The Pew map shows that around 23 percent of Floridians in 2015 itemized, with the per-claimant average coming to $27,040. That's just more than $1,000 less than the average.
Here in Texas for the last dozen years, we've seen the same, as tallied by Pew researchers. The per-claimant itemized deduction amount for Lone Star Staters in 2015 was $26,071. That's less than the national and Florida average, but still a lot when you consider there's no income tax in Tejas.
I'm betting that more recent data would reflect higher real estate values, at least here in Texas, which are used as the basis for property tax assessments.
And those Florida and Texas amounts are more than the increased standard deductions that GOP tax writers say would make up for the lost itemized deductions. Tell that to the Travis County tax assessor-collector, please!
Spreading the tax change pain: Basically, what the Pew map and my personal experience shows is that the federal deduction for state and local taxes would cost folks not just in tax-heavy Blue States like California, New Jersey and New York, but also in states that are reliably Red (Texas) or which periodically toggle that way (Florida).
That broader than expected pain from lost tax deductions also is underscored in a September analysis by the Rockefeller Institute of Government.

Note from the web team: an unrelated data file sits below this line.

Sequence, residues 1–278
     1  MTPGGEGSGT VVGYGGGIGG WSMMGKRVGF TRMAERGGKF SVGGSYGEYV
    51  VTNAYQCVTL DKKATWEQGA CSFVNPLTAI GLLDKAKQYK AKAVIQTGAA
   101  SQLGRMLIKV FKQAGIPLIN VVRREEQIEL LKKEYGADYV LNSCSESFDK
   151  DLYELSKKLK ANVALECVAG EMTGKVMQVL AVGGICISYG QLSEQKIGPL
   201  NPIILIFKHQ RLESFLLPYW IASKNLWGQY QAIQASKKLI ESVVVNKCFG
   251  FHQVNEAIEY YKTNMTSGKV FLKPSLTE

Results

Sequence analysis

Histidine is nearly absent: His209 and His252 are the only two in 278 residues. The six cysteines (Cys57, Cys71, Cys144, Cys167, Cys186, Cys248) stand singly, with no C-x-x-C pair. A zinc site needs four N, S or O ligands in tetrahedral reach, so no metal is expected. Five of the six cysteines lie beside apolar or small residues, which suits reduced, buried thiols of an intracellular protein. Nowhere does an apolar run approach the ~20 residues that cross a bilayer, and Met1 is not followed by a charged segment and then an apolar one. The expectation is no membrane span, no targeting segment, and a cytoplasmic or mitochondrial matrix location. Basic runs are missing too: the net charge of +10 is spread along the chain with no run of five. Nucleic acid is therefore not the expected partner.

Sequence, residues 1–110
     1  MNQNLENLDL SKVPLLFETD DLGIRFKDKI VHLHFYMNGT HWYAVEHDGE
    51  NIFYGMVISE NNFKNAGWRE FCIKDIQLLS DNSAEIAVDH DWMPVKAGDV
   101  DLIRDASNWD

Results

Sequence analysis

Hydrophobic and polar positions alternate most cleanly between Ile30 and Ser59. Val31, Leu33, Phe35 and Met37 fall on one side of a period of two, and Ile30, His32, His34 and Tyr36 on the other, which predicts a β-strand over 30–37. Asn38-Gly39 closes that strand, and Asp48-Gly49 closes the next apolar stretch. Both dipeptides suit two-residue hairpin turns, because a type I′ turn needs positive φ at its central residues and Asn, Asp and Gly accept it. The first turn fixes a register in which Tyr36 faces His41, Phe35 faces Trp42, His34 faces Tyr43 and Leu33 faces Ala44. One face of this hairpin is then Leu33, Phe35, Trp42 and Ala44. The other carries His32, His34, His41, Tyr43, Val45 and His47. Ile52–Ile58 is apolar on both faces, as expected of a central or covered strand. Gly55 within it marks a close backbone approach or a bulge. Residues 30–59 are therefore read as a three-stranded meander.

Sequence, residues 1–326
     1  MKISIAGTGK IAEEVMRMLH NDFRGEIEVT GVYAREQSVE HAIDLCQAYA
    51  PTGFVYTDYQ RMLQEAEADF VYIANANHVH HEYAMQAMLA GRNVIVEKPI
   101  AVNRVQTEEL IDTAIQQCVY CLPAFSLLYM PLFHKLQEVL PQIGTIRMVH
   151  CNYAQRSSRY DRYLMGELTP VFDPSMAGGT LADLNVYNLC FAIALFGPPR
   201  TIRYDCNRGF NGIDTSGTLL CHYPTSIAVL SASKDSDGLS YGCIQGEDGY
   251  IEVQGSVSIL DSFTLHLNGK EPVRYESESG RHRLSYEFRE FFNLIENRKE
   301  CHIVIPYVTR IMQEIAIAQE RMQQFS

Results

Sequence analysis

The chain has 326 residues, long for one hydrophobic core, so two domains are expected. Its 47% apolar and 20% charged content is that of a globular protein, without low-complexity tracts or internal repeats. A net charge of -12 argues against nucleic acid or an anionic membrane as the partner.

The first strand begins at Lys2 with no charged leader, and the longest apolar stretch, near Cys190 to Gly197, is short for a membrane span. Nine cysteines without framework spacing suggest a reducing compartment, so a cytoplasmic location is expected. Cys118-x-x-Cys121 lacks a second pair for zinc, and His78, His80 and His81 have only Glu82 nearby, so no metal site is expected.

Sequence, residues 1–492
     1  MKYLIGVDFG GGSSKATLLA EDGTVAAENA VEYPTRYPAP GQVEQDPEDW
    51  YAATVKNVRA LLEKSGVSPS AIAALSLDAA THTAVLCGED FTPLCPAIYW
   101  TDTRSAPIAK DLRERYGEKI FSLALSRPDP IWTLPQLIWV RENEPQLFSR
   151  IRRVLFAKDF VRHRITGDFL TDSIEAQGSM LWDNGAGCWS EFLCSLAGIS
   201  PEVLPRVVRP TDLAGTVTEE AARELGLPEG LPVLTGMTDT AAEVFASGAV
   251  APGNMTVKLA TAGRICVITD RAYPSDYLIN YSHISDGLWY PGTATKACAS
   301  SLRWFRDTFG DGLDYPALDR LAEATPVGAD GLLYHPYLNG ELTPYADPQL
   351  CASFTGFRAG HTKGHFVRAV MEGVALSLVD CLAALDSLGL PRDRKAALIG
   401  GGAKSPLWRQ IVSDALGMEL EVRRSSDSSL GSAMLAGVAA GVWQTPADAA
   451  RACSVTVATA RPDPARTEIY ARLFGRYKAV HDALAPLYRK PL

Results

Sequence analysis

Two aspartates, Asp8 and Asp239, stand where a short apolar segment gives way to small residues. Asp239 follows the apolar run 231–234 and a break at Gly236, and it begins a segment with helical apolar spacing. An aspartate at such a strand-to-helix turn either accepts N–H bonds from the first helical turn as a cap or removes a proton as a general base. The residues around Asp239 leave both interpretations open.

In that report, the think tank at the State University of New York, notes that "some states 'receive' far more federal spending than their residents or economies pay through taxes, while others 'give' far more than they get."
That some states are subsidizing others is an argument that's being made by both opponents and supporters of the existing SALT deductions. But the Rockefeller Institute data shows that it's not always in the way you might think.
Rockefeller researchers found that 13 states — California, Colorado, Connecticut, Illinois, Massachusetts, Minnesota, Nebraska, New Hampshire, New Jersey, New York, North Dakota, Texas and Wyoming — are net givers, paying more in federal taxes than they received in federal spending.
Those 13 states that are the net givers earn this week's By the Numbers honor.
Net givers get tax deductions, for now: A closer look, however, shows an interesting tax and political point.
Of those 13 states where residents paid more in federal taxes than they received in federal spending, the usual suspects include high-tax and politically Blue states of California, Illinois, New Jersey and New York.
But some reliably Republican states (Nebraska, Wyoming and the very scarlet Texas) also are on the net givers list.
Also, notes FactCheck.org, five of the six states whose residents claim more than half of the SALT deduction benefits — New York, California, New Jersey, Illinois and Texas — are on that list.
No-income-tax Texas makes the list largely due to the property tax deduction that the state's two GOP Senators say, so far, they want to eliminate.
We'll see if property rich constituent concerns will make any difference, or if Texas' Republican Sens. John Cornyn and Ted Cruz continue to toe theirs Party's line.
You also might find these items of interest:
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- Middle class tax relief is a major tax reform hurdle
- Expect tax reform fight to keep state and local deductions